Hispanic or Latino

8.5%

Unknown

6.8%

Black or African American

1.6%
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Languages Spoken

Spanish

23.1%

French

15.6%

Chinese

8.5%

German

7.0%

Mandarin

6.0%

Arabic

5.7%

Russian

5.5%

Japanese

5.4%

Hindi

4.2%

Korean

3.8%

Italian

3.6%

Portuguese

2.9%

Urdu

2.1%

Cantonese

1.3%

Persian

1.0%

Hebrew

1.0%

Bengali

0.9%

Vietnamese

0.9%

Thai

0.8%

Greek

0.8%
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Lecturer Education

Schools

Ohio State University

6.4%

Texas A&M University

5.9%

Harvard University

5.8%

University of Pennsylvania

5.7%

University of Washington

5.5%

University of Southern California

5.3%

University of Texas at Austin

5.3%

Pennsylvania State University

5.2%

University of California - Los Angeles

5.0%

University of Illinois at Chicago

4.8%

New York University

4.8%

Michigan State University

4.7%

University of Florida

4.7%

University of California - Berkeley

4.6%

Purdue University

4.6%

West Virginia University

4.4%

Cornell University

4.4%

University of Houston

4.4%

Northeastern University

4.3%

University of Chicago

4.2%
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Majors

English

10.7%

Business

7.6%

Computer Science

7.0%

Electrical Engineering

6.6%

Chemistry

6.3%

Education

5.2%

Physics

5.1%

Mechanical Engineering

4.6%

Law

4.5%

Nursing

4.4%

History

4.2%

Linguistics

4.1%

Communication

4.0%

Biology

4.0%

Writing

4.0%

Mathematics

3.7%

Elementary Education

3.7%

Psychology

3.5%

Political Science

3.4%

Fine Arts

3.3%
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Degrees

Masters

41.1%

Doctorate

33.8%

Other

11.2%

Bachelors

9.0%

Certificate

2.9%

Diploma

1.1%

Associate

0.8%

License

0.1%
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Internship
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Real Lecturer Salaries

Job Title Company Location Start Date Salary
Lecturer Trustees of The University of Pennsylvania Philadelphia, PA Apr 01, 2016 $242,092
Lecturer The University of Southern California Los Angeles, CA Oct 15, 2015 $177,332
Lecturer The University of Southern California Los Angeles, CA Jun 16, 2016 $175,000
Lecturer Trustees of The University of Pennsylvania Philadelphia, PA Jul 01, 2015 $170,000
Visiting Clinical Lecturer University of Michigan Ann Arbor, MI Jan 07, 2016 $164,843
Visiting Clinical Lecturer University of Michigan Ann Arbor, MI Jul 01, 2015 $164,843
Clinical Lecturer University of Michigan Ann Arbor, MI Jun 21, 2016 $160,000
Clinical Lecturer University of Michigan Ann Arbor, MI Jul 01, 2015 $160,000
Clinical Lecturer University of Michigan Ann Arbor, MI Jan 07, 2015 $160,000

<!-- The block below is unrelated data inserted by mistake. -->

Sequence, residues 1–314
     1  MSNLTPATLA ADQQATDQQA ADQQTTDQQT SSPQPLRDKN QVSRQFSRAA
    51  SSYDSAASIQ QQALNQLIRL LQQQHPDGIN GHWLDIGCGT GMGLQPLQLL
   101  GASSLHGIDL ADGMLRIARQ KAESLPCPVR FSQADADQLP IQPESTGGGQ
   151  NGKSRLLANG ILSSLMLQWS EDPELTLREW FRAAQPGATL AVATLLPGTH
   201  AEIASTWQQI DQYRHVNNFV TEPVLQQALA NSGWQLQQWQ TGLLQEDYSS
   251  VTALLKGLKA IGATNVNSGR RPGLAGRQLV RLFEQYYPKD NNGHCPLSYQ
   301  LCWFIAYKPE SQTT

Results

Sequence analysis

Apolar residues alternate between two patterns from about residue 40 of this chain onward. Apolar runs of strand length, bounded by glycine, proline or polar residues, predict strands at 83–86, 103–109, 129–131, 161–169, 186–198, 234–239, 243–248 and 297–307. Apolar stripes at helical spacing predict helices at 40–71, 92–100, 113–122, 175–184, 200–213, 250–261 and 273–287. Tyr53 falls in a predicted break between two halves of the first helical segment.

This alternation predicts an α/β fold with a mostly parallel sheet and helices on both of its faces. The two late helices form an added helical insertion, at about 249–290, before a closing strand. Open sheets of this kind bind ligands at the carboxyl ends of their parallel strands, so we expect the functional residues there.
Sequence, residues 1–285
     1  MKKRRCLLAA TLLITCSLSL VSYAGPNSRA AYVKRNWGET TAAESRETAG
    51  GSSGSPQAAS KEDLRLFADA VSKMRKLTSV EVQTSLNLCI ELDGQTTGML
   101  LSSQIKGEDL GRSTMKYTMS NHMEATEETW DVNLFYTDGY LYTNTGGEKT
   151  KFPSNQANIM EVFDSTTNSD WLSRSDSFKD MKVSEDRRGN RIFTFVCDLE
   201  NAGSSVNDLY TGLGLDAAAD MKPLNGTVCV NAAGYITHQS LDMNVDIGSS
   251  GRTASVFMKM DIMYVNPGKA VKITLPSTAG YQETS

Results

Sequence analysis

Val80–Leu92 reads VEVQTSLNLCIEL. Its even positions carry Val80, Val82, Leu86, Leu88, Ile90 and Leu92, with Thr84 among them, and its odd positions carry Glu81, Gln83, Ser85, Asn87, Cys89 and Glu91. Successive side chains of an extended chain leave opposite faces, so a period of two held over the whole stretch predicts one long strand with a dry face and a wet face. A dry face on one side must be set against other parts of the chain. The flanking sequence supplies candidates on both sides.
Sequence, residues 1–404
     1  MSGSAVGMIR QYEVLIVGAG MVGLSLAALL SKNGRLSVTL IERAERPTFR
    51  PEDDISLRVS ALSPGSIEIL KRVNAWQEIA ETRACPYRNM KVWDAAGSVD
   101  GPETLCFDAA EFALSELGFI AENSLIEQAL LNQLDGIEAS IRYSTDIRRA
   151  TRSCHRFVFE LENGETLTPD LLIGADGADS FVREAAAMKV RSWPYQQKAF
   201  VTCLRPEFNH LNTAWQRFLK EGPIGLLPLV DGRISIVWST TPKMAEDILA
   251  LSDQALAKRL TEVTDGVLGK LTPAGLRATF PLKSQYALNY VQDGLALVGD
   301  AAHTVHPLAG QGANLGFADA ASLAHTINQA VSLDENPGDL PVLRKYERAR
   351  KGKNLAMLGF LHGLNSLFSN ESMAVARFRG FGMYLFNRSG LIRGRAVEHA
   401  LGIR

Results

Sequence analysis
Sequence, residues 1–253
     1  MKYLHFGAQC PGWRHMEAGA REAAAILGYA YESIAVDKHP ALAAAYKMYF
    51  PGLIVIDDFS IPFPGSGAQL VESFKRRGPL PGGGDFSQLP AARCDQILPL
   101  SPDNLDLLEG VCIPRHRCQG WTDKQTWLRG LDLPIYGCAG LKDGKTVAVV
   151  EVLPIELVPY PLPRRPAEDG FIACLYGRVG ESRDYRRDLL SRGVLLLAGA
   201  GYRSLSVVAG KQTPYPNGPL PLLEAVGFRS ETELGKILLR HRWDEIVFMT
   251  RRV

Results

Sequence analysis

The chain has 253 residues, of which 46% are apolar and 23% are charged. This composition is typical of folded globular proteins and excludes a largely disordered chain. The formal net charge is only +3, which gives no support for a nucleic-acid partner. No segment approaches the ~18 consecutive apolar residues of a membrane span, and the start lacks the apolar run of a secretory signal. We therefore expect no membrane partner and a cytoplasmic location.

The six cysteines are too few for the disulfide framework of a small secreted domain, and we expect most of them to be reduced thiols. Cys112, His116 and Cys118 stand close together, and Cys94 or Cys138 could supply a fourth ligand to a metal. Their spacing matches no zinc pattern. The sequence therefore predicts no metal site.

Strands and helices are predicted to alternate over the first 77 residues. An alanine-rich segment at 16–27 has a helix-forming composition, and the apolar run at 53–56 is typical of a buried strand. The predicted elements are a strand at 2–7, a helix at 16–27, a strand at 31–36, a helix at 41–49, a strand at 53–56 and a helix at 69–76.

Clinical Lecturer University of Michigan Ann Arbor, MI Nov 01, 2015 $157,400
Clinical Lecturer University of Michigan Ann Arbor, MI Jan 10, 2016 $157,400
Lecturer The Johns Hopkins University Baltimore, MD Jan 07, 2016 $66,375
Lecturer The Johns Hopkins University Baltimore, MD Jul 01, 2015 $66,375
Lecturer In Discipline Columbia University New York, NY Feb 15, 2016 $66,293
Lecturer State University of New York at Stony Brook Stony Brook, NY Jan 08, 2015 $66,241
Lecturer AY California State University Fullerton Fullerton, CA Aug 19, 2015 $66,012
LEO Lecturer I University of Michigan Ann Arbor, MI Jul 08, 2016 $66,000
Lecturer Brown University Providence, RI Jan 07, 2016 $66,000
Lecturer California Institute of Technology Pasadena, CA Aug 01, 2015 $66,000
Lecturer A California State University, Bakersfield Bakersfield, CA Sep 01, 2015 $54,996
Lecturer A Trustees of The University of Pennsylvania Philadelphia, PA Jul 01, 2015 $54,975
Lecturer University of Washington Seattle, WA Dec 31, 2016 $54,900
Lecturer State University of New York at Stony Brook Stony Brook, NY Nov 08, 2016 $54,856 -
$57,882
Lecturer University of Massachusetts Amherst Amherst, MA Mar 01, 2015 $54,805
Lecturer Indiana University Bloomington, IN Jan 08, 2016 $54,787

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Top Skills for A Lecturer

UndergraduateCoursesPracticalClassesCurriculumDevelopmentLanguageLabLaboratoryResearchMethodsOrganicChemistryMolecularBiologySemesterOnlineTheoryTopicsLiteratureHistoryInformationTechnologyMathematicsPhysicsCoursesTaughtPrinciples

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Top Lecturer Skills

  1. Undergraduate Courses
  2. Practical Classes
  3. Curriculum Development
You can check out examples of real life uses of top skills on resumes here:
  • Created, administered, and evaluated examinations for undergraduate courses.
  • Trained first & second yr dental students and held discussions in practical classes of Dental Anatomy & Histology.
  • Guided curriculum development, reviewed and developed teaching methodology, created initial database of substantive course materials and assessment tools.
  • Lectured Spanish to Secondary School Teachers, Border Translators and other adults interested in attaining a foreign language
  • Planned and executed laboratory sessions, led recitations and graded lab reports.

Top Lecturer Employers

Lecturer Videos

CAREERS IN BA – MA,P.Hd,Researcher,Teacher,Lecturer,Job Opportunities,Salary Package

How To Be A Good Lecturer

A Day In The Life: Lecturer